Delivery of the TWINDEXX trains will begin in 2012, and the first vehicles will appear in the standard timetables on or about December 2013. All 59 trains will be delivered by the end of 2019.
The TWINDEXX concept was developed by the Bombardier Transportation Competence Center for Double-Deck Technology in Görlitz, Germany. Features include spacious interior compartments, wide doors for entry and exit, wireless internet access, and business class compartments. The trains are fitted with electronic customer information and emergency call systems as well as CCTV.
The roll compensation provided by Bombardier’s FLEXX Tronic WAKO system compensates the natural roll movement of the carbody, thus maximizing comfort for passengers and at the same time allowing the train to take curves quickly. The TWINDEXX trains thus will be able to increase their speed on curves by 15%, thus significantly reducing travel time, Bombardier says.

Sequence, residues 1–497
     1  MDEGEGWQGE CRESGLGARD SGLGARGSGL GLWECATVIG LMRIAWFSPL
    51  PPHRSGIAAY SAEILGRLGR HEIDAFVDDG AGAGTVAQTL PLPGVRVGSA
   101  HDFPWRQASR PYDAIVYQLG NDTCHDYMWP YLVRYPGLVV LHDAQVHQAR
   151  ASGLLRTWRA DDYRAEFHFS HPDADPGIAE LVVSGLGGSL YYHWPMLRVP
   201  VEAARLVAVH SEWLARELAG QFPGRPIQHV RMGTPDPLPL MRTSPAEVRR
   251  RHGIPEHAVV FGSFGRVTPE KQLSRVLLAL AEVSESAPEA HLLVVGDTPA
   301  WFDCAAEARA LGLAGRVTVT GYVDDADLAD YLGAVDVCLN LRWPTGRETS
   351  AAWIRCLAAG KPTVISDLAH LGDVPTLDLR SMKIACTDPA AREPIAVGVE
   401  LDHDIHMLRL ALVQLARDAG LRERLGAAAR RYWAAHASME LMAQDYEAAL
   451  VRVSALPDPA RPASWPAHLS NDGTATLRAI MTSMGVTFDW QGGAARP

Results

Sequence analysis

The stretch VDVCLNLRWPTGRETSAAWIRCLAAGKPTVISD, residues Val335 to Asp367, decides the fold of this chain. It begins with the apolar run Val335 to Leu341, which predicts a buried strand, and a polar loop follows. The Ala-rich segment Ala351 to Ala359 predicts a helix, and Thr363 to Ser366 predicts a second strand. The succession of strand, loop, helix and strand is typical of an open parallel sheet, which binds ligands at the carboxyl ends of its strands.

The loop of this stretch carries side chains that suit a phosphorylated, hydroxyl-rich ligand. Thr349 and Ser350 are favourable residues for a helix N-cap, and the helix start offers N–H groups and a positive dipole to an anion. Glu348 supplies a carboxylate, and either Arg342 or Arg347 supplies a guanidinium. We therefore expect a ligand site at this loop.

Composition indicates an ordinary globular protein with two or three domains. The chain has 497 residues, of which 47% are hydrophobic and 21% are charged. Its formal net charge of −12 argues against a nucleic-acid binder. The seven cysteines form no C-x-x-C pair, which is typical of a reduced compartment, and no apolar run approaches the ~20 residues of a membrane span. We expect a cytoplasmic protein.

Bombardier Transportation President André Navarri said, “We would like to thank the SBB for placing their trust in us and are very much looking forward to continuing this successful collaboration. Switzerland has always played an important role for Bombardier, both as a market and as a production location. The three Swiss sites with 900 employees are not only a fixture in the country’s traditional rail industry but are also important elements of our international network of innovation and production. The TWINDEXX trains open a new chapter in this success story.”